Suspicious vehicle report led to standoff

An Idaho man is in jail after a four-hour standoff Tuesday at a home at Maple Street and Second Avenue.

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WALLA WALLA — An Idaho man has been arrested after a nearly four-hour standoff at a local home.

Christopher Robling, 30, of Nampa, was booked into Walla Walla County Jail on Tuesday on suspicion of possessing stolen property, residential burglary, felon in possession of a firearm and felony eluding, according to a news release.

City police report that about 12:30 p.m., officers received reports of a suspicious vehicle in the 600 block of Newell Street, where residents reported seeing a man switching license plates on his Dodge pickup. An officer who ran the truck’s plate learned it was reported stolen from an Oregon vehicle.

Robling is believed to have stolen the truck he was driving from Caldwell, Idaho, said city police Sgt. Matt Wood. Inside the truck, officers found firearms that were also reported as stolen in a burglary, police said.

Robling reportedly drove off before officers could approach him, initiating a pursuit, then crashed the truck into a small creek at the dead end of Bryant Avenue, according to the release. A woman who remained in the vehicle was detained for allegedly giving police false information. Robling took off on foot, and broke into an unoccupied house at 803 S. Second Ave., Wood said.

The home, which is listed as being owned by Clinton Townsend, soon became the scene of the standoff, as city police were joined by Walla Wall County sheriff’s deputies, Washington State Patrol troopers and members of the Emergency Services Unit, a SWAT-like response team.

Access to Second Avenue and Maple Street in the general area was closed off to traffic and pedestrians. Police cordoned off the area around the home. Officers were periodically using a megaphone to call out Robling’s name and order him to come out the front door or call 911.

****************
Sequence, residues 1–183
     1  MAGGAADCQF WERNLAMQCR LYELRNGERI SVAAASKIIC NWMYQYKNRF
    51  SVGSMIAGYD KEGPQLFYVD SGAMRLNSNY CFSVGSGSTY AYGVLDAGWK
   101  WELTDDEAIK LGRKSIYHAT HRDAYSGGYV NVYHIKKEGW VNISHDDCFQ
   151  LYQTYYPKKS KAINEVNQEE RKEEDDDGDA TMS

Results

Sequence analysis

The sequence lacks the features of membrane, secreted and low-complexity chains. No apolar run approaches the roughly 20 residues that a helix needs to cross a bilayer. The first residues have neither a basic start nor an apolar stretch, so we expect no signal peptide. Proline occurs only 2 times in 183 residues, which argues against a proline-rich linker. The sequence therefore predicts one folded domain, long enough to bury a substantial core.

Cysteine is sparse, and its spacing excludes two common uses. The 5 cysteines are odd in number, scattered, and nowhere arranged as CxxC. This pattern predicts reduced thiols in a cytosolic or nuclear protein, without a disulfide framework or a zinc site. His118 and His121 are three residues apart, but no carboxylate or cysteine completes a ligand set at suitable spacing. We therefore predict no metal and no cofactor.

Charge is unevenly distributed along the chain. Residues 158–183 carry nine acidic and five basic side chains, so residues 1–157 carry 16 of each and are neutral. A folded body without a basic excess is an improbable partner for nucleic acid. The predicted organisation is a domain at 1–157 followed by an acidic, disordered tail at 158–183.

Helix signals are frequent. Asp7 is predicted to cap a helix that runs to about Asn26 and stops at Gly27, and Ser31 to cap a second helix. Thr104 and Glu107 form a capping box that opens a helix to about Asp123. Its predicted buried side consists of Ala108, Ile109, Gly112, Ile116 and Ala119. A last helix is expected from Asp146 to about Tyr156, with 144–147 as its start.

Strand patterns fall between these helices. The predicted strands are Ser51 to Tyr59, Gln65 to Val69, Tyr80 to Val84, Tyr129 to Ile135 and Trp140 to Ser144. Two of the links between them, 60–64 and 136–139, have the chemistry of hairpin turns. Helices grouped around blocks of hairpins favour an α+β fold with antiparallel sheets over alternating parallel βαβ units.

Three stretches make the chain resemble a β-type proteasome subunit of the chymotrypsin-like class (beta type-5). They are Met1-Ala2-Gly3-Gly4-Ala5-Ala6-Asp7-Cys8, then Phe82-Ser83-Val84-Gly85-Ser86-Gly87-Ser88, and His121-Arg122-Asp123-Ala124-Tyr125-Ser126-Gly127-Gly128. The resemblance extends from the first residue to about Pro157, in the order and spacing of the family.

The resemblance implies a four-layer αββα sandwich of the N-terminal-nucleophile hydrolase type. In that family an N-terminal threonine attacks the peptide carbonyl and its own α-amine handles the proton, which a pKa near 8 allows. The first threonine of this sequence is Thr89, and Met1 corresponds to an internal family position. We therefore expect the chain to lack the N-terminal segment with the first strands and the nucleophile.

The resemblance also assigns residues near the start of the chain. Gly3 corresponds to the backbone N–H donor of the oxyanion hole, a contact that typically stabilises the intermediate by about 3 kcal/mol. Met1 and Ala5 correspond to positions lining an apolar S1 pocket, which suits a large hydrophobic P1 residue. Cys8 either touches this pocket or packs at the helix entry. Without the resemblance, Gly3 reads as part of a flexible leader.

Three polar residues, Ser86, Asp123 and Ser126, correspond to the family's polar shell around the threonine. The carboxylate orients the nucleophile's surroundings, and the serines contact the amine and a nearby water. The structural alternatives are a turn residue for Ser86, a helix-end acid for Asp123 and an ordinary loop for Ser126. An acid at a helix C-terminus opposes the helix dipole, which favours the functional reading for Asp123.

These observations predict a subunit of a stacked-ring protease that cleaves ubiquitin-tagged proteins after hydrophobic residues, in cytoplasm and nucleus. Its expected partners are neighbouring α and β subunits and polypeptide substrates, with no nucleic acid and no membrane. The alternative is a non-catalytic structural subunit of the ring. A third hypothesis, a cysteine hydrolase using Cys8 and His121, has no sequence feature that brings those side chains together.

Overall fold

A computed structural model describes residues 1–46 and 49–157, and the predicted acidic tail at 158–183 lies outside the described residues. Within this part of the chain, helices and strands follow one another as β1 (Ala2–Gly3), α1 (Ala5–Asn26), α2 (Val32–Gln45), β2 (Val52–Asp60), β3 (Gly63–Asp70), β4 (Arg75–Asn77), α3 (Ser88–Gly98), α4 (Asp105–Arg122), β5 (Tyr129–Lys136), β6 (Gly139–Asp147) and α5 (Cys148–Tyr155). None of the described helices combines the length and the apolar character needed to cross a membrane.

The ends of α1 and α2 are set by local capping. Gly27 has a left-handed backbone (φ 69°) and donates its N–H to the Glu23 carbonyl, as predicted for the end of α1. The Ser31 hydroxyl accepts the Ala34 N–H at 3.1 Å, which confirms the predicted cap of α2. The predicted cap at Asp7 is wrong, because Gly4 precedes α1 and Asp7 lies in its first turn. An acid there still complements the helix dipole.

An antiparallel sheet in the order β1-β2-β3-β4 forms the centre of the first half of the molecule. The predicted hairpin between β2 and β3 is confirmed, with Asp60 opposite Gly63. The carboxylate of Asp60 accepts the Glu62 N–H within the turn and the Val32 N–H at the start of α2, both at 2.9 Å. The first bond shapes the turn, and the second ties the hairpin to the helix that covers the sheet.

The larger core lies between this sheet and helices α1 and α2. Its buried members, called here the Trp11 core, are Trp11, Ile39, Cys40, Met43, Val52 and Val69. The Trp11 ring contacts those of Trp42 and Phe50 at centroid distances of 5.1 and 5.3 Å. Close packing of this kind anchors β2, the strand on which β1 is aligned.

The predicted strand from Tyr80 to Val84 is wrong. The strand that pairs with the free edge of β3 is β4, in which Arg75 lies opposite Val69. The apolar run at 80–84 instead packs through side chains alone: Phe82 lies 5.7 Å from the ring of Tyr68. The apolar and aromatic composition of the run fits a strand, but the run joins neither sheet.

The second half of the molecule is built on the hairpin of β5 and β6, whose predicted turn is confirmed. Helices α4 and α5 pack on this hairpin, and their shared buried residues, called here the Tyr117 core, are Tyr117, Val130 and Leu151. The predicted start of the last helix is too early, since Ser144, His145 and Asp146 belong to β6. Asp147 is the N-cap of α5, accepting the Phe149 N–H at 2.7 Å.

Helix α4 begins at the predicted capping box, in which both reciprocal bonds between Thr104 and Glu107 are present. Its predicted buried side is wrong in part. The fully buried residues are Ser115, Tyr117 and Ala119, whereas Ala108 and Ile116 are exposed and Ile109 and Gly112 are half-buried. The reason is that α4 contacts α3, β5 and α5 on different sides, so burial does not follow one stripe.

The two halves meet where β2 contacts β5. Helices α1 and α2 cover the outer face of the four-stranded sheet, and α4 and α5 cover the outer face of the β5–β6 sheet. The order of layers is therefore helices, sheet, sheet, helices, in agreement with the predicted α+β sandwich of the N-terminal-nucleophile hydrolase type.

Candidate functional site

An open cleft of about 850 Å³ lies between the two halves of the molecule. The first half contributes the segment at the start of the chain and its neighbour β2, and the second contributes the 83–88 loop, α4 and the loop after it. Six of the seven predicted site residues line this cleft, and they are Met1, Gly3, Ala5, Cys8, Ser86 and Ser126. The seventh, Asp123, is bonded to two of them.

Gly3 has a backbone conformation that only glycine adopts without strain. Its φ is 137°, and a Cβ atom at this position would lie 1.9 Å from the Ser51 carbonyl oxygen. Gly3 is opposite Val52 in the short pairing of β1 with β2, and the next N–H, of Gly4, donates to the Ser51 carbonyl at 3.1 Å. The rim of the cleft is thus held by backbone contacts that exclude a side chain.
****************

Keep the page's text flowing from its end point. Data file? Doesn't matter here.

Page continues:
The standoff had drawn a crowd of onlookers from around the area and police were moving people farther away from the location following reports that Robling was armed with a shotgun or high-powered rifle.

By about 2:40 p.m., officers continued to use a loudspeaker to try and talk with Robling, with no success. About 4 p.m., an effort was made to bring a phone into the home, which didn’t appear to have a land line. The sound of a window breaking could be heard from the street as officers delivered the negotiator phone into the residence. Police say Robling then left the house through the back, and jumped a fence into a neighbor’s yard, where was subdued with a Taser and arrested. Robling was in custody and the streets started to be cleared about 4:20 p.m.

Children at school for the first day of classes were also affected by the standoff. Parents whose children attend Blue Ridge, Edison and Sharpstein elementary schools, Garrison Middle School and Lincoln Alternative High School, were notified of the situation by phone and asked to pick up their children. Children were not being allowed to walk home or wait at bus stops near the scene of the standoff, on police instructions.

District spokesman Mark Higgins said the children’s safety was of highest concern. In some cases, children where taken by bus directly to their homes. After-school activities at Garrison were canceled.

"Thankfully this situation ended peacefully and no one was hurt," he said.

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